Sustainability 2020, 12, 4727; doi:10.3390/su12114727 www.mdpi.com/journal/sustainability
Analysis of Flood-Vulnerable Areas for Disaster
Planning Considering Demographic Changes in
Hye-Kyoung Lee, Young-Hoon Bae, Jong-Yeong Son and Won-Hwa Hong *
School of Architectural, Civil, Environmental and Energy Engineering, Kyungpook National University,
Daegu 41566, Korea; email@example.com (H.-K.L.); firstname.lastname@example.org (Y.-H.B.);
* Correspondence: email@example.com; Tel.: +82-53-950-5597
Received: 15 April 2020; Accepted: 4 June 2020; Published: 9 June 2020
Abstract: Regional demographic changes are important regional characteristics that need to be
considered for the establishment of disaster prevention policies against climate change worldwide.
In this study, we propose urban disaster prevention plans based on the classification and
characterization of flood vulnerable areas reflecting demographic changes. Data on the property
damage, casualties, and flooded area between 2009 and 2018 in 229 municipalities in South Korea
were collected and analyzed, and 74 flood vulnerable areas were selected. The demographic change
in the selected areas from 2000 to 2018 was examined through comparative analyses of the
population size, rate of population change, and population change proportion by age group and
gender. Flood vulnerable areas were categorized into three types through K-mean cluster analysis.
Based on the analysis results, a strategic plan was proposed to provide information necessary for
establishing regional flood-countermeasure policies.
Keywords: urban disaster prevention plan; flood vulnerability; climate change; demographic
change; cluster analysis
Floods are one of the most dangerous and destructive natural hazards that can cause human loss
and economic damages [1–3]. Climate change is expected to increase the frequency of flooding and
the extent of damage caused by it [4–6].
To minimize the damage caused by natural hazards, policies, treaties, and conventions,
including the Nations Framework Convention on Climate Change (1992), Kyoto Protocol (1997),
Hyogo Framework (2005), Sendai Framework (2015) and Paris Agreement (2015), have been
established. There is increasing awareness of the important role of policies that consider regional
characteristics on the mitigation of damages, adaptation to climate change, and sustainable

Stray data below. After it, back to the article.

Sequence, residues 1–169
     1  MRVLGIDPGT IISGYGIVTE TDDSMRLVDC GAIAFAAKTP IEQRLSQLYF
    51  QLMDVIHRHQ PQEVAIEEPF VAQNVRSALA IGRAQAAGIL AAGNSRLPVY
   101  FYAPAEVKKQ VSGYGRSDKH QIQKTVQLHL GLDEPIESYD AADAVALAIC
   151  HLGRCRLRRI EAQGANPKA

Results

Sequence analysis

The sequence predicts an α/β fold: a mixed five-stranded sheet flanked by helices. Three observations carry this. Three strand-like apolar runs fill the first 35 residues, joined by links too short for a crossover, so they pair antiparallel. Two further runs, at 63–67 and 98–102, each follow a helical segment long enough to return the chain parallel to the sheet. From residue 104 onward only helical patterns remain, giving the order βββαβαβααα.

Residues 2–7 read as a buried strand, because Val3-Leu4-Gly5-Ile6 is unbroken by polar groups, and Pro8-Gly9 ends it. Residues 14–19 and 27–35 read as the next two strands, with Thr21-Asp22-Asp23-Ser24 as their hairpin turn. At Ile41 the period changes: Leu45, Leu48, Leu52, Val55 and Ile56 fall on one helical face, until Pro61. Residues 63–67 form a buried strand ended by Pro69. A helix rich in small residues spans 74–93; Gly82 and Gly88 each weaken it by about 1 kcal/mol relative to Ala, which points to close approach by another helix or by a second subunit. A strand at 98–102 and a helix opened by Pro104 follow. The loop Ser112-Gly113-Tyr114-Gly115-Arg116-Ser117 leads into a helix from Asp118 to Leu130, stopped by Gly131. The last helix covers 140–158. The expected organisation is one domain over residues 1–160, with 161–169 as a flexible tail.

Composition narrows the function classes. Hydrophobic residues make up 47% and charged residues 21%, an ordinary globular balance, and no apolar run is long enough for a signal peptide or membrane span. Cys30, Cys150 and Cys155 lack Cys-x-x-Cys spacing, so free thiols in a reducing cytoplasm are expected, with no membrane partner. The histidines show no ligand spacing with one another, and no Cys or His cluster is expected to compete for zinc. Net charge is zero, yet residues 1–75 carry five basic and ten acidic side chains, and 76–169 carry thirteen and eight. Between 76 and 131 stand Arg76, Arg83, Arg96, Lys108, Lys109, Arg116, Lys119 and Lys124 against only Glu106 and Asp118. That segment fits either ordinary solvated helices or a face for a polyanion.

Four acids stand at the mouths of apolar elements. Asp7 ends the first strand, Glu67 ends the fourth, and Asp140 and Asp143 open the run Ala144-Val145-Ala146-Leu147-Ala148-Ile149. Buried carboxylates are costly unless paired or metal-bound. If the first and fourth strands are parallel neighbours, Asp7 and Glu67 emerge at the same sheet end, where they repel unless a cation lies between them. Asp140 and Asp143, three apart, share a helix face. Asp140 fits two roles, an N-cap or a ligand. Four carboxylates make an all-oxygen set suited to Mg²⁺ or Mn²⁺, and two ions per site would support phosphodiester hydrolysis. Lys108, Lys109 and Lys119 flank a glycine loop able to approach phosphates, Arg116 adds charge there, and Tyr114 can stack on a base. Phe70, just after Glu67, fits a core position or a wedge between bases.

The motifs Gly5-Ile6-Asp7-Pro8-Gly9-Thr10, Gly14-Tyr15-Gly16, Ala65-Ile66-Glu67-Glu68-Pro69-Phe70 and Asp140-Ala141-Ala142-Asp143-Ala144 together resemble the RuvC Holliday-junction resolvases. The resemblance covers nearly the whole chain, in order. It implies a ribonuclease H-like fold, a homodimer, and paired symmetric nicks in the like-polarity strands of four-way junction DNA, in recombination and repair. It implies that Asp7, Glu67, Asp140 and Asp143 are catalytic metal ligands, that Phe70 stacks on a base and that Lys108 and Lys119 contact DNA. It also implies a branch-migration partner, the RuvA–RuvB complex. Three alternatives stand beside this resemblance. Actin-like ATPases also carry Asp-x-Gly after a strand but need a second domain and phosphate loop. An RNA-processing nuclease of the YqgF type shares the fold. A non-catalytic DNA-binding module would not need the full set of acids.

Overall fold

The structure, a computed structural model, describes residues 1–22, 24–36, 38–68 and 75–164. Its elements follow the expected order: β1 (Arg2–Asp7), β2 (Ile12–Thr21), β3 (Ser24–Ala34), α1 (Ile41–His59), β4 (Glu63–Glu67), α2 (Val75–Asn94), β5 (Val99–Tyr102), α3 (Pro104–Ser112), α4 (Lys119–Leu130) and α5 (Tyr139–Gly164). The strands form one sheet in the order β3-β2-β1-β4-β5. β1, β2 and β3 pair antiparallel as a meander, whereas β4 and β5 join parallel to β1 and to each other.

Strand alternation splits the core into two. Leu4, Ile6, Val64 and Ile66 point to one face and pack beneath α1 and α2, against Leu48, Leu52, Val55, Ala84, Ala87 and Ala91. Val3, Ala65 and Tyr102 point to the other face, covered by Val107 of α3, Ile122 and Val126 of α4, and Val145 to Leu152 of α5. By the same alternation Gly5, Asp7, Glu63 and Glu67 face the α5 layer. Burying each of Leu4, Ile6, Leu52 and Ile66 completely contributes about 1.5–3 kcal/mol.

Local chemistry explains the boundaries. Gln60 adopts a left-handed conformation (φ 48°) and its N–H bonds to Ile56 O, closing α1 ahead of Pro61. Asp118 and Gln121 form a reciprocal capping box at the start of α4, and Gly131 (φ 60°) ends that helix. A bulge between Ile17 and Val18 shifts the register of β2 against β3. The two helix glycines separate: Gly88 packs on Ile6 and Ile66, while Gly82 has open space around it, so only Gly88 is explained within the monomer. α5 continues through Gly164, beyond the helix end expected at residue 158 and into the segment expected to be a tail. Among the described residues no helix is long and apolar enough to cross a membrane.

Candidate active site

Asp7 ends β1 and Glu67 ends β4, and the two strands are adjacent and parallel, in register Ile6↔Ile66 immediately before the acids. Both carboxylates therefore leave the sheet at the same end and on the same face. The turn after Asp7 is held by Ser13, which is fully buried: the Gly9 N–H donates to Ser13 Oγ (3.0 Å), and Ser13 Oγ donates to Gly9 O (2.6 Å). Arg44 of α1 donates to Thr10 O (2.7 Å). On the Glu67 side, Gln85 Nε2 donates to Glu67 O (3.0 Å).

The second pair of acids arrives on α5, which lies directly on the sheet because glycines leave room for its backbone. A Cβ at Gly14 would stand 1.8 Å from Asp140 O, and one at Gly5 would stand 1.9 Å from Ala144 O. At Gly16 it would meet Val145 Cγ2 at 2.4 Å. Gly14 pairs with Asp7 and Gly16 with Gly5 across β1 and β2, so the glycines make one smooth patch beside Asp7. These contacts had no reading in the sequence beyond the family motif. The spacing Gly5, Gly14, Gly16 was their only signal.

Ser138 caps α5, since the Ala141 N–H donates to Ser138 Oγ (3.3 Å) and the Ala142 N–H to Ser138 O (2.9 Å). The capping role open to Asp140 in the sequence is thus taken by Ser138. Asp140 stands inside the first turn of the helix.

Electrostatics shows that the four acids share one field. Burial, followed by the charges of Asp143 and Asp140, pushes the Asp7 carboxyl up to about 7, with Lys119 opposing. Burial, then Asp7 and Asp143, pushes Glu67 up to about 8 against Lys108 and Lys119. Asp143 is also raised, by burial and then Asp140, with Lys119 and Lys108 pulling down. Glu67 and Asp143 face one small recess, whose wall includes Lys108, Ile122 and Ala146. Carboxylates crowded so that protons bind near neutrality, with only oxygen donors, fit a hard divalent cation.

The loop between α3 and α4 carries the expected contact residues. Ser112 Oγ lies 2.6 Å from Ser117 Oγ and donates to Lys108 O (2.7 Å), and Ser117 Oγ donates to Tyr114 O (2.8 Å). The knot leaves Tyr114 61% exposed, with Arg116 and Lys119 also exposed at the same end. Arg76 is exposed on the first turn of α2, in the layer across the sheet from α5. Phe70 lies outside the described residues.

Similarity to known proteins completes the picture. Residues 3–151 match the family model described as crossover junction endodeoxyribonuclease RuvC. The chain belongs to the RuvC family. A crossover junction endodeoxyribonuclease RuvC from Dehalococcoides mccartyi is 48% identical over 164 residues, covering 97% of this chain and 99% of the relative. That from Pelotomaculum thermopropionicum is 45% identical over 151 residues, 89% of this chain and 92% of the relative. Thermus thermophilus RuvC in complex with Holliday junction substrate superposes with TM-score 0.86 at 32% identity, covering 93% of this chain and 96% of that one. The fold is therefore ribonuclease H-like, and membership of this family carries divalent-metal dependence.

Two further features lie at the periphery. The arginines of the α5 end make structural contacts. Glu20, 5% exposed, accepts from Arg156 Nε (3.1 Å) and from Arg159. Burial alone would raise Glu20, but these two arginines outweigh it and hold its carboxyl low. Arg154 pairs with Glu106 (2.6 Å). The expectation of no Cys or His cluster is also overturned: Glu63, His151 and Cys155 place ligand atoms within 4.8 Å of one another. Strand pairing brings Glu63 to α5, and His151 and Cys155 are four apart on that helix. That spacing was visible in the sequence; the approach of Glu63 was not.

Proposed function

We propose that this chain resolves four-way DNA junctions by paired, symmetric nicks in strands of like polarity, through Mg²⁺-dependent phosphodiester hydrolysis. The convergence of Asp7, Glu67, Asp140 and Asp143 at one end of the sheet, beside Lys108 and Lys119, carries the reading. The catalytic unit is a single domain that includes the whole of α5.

development in response to climate change [7–11].
Although there are several studies on regional flood risk management globally, policies,
practices, and approaches relevant to and effective in some countries may not be applicable to the
rest. Indeed, differences in governance structures and processes, topography, weather patterns, and
vulnerabilities will lead to difficulties in developing effective community flood risk management
Various approaches for establishing a flood disaster prevention plan considering regional
characteristics have been proposed, including the development of flood vulnerability assessment
indicators and their application for the selection of vulnerable regions.
Sustainability 2020, 12, 4727 2 of 17
Cardona et al.  calculated the local disaster index using flood damage indicators, such as the
number of casualties and victims and the monetary value of the flood damage. Kubal et al. 
proposed three types of area vulnerability indicators: Social indicators, e.g., transport, housing, and
commerce; economic indicators, e.g., schools, hospitals, children, and elderly people; and ecological
indicators, e.g., forest, biodiversity, and potential pollution. They used these indicators to evaluate
the flood vulnerability of a city in Germany by a multicriteria approach. Balica et al.  proposed
the flood vulnerability index (FVI) with four types of vulnerability indicators: Social, economic,
environmental, and physical. Planners and policymakers can use the FVI as a tool to prioritize flood
risk hotspots. Balica et al.  developed the coastal city FVI using hydro-geological, socio-
economical, and politico-administration indicators and applied it to nine coastal cities around the
world to evaluate the most vulnerable ones.
In South Korea, various studies on flood damage mitigation have been carried out. The potential
flood damage indicator was proposed to evaluate the flood potential by evaluating the possibility of
flooding and the flood control capability considering potential damage factors, such as the
population, types of property, urbanization rate, and infrastructures, and risk factors, such as flood
damage extent, rainfall probability, river improvement rate, and flood control capacity . Regional
safety assessment techniques have been proposed to identify the risk of disaster related to natural
hazards in specific regions . The flood damage index was developed considering the main causes
of flood damage subdivided into natural, social, policy, and facility factors. This index considers 11
causes representing each factor . In areas were divided into risk and vulnerability groups through
the excess flood vulnerability index (EFVI) .
The results of the flood vulnerability analyses depend on the type, characteristics, and duration
of analysis of the selected evaluation indicators, as well as the region under investigation [22–24].
Several studies on flood vulnerability analyses considered flood damage indicators (e.g., casualties
and amount of damage), socio-environmental indicators (e.g., urbanization rate, traffic, and
residential ratio), regional indicators (coastal area, urban area, and rural area), and population
indicators (e.g., the number of people living in the disaster-prone areas, such as coastal areas and
areas with a history of multiple floods, disaster-vulnerable population, such as children and the